It would seem desirable for a working group about whistleblowing to have straightforward governance.
I do not intend to engage with this APPG given my concerns about the bounty hunting model, which I think works against both the public interest and the welfare of the majority of whistleblowers.
Norman Lamb MP a Vice Chair of the APPG has advocated in parliament for the UK to import US Frank Dodd style bounties.
I doubt that engaging with and legitimising this APPG will help deliver genuine reform.
The reform of UK whistleblowing law is a sober and critically important matter.
I urge all whistleblowers who take part in the debate to read as widely as possible.
The debate needs to be informed and evidence-based, and any solutions need to be just, credible, sustainable and realistic for law reform to become a reality.
UPDATE 4 FEBRUARY 2019
I wrote to Stephen Kerr MP the Chair of the whistleblowing APPG on 31 January 2019 as I had not heard from the Chair of WBUK in response to my above query of 23 January.
Today, the parliamentary Registrar of Members’ Financial Interests has advised that Stephen Kerr MP has confirmed that the published APPG financial details are correct:
This is just to let you know that I have corresponded with the chair of the APPG on Whistleblowing who has confirmed that he believes the Group’s Register entry is indeed accurate. It sets out the sum which the secretariat expects to receive over the year.
This answers the question about the group’s register entry.
With best wishes”
This of course begs the question of why someone at Whistleblowers UK denied that the published details were accurate, and then did not or could not substantiate that denial.
HOW TO HELP
If you are a member of the public who would like to help protect future whistleblowers, a really simple and effective thing you can do is write to your MP to ask for the law to be reviewed. Here is a handy template letter that you can send off in couple of minutes:
Send this letter to your MP to help protect UK whistleblowers
What could a new whistleblowing law look like? A discussion document
Whistleblowers in Their Own Words: What’s wrong with UK whistleblowing law and how it needs to change
Whistleblowing in the NHS isn’t fixed yet, and this leaves patients exposed. An overview of unfinished policy business.
Mission Drift by the National Guardian: Further, proposed dilution of NHS whistleblower case reviews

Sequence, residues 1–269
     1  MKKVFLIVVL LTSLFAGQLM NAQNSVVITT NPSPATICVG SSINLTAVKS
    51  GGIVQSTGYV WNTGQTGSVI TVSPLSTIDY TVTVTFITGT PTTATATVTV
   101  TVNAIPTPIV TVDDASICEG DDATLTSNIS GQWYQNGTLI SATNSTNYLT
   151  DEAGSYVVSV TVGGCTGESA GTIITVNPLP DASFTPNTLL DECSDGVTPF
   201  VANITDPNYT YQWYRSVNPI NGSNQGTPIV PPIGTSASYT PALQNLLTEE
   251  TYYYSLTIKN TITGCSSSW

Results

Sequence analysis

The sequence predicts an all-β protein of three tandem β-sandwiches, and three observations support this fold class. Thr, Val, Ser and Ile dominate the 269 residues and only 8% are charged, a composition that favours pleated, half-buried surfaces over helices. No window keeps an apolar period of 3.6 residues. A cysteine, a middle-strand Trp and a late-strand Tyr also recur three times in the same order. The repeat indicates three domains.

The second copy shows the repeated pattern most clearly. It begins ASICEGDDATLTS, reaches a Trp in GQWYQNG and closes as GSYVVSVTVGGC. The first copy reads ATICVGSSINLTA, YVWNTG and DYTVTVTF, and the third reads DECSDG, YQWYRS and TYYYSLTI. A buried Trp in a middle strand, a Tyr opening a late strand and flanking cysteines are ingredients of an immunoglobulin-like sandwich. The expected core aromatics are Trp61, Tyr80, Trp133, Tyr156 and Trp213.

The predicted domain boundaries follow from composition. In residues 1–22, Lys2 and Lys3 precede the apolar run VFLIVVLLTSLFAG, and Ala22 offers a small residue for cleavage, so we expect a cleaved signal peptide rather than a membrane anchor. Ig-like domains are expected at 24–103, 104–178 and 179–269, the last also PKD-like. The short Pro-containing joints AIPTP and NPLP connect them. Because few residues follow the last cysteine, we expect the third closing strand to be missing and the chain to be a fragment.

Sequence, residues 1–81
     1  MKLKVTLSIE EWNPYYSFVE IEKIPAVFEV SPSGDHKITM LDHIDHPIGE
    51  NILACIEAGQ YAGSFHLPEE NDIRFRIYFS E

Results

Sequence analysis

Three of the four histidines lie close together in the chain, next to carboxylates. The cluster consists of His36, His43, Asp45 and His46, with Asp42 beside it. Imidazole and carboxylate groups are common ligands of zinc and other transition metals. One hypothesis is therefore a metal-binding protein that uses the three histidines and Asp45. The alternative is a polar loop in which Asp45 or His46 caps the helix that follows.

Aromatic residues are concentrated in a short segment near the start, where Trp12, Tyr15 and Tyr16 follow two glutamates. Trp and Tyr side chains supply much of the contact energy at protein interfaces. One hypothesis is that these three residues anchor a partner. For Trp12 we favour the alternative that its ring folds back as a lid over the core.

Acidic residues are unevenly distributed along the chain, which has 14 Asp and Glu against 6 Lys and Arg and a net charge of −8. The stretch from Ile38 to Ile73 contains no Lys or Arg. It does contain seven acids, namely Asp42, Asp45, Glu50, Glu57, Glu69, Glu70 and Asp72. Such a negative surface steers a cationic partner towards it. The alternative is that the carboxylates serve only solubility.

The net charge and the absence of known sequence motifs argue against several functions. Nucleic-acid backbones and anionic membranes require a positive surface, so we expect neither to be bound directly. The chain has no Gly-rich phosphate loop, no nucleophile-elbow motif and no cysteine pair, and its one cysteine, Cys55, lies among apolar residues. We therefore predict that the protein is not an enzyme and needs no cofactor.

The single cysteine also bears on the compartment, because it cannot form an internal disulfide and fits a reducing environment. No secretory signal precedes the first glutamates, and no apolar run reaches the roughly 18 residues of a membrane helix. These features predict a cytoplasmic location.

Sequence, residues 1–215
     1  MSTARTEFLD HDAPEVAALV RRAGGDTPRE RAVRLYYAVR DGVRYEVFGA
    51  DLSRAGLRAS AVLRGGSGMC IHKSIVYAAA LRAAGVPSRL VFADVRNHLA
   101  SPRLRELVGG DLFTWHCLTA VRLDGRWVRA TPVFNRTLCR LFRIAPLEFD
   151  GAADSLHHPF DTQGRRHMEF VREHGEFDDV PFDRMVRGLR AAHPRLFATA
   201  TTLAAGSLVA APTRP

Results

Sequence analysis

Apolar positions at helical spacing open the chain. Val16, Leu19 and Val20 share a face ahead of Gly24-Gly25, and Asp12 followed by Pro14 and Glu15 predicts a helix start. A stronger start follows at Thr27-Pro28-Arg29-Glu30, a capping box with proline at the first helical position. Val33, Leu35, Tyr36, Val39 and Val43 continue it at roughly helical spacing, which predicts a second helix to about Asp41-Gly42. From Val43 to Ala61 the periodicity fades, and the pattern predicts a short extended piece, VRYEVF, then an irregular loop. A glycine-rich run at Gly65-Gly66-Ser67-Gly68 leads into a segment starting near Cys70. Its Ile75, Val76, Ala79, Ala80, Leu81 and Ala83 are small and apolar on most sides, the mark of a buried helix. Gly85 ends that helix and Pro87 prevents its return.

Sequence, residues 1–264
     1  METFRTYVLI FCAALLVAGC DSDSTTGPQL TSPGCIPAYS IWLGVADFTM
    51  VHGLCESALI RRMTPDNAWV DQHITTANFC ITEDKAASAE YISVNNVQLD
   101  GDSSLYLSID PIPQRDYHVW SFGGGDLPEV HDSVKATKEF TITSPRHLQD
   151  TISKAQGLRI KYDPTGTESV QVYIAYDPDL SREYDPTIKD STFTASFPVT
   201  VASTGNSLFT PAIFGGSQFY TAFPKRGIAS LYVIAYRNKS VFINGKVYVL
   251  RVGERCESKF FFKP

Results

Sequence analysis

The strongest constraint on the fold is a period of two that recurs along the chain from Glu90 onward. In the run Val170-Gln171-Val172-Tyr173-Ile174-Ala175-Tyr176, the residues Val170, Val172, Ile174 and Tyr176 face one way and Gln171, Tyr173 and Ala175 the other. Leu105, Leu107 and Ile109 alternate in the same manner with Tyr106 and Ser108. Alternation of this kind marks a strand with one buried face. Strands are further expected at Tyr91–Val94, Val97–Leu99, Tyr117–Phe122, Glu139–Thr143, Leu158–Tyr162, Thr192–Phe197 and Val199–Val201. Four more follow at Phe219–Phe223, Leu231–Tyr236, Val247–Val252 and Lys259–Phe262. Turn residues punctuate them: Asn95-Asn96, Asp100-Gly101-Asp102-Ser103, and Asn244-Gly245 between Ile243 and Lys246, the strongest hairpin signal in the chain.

2 thoughts on “Whistleblowing APPG: Whistleblowers UK and questions about funding by Constantine Cannon LLP”
great work as ever Minh.I noted a flood of young drug company staff at an APPG the Patients Association used to run on patient safety issues.
Sadly even more eminent committees like PACAC https://www.parliament.uk/business/committees/committees-a-z/commons-select/public-administration-and-constitutional-affairs-committee/ to my mind are a waste of time and money.Their recent Enquiries on PHSO receive and publish vast amounts of seriously evidenced reports from users of the PHSO and their conclusions are never referred to in any useful or serious way by the committee.I was informed by an MP on it that the secretarial staff of the committee draft all the questions(that MPs ask) and the summaries/broefing-this MP had not read any complainants published reports nor even the ones for /by PHSO eg the recent pathetic ‘Value for money’ report. It would be great to get hold of the briefing notes the secretariat give the MPs to see the slant that comes from the secretariats reading and vetting in some cases of complainants reports. Transparency.Accountability. Scrutiny.! all Hogwash.
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Thanks Richard. To clarify for those who are unaware, APPGs are in no way comparable to formally constituted parliamentary select committees like the Public Administration and Constitutional Affairs Committee (PACAC).
As I set out above, APPGs are random, special interest groups that have no official status whatsoever.
In contrast, Select Committees like PACAC are part of the parliamentary structure and have a very important formal, democratic role in holding government departments to account: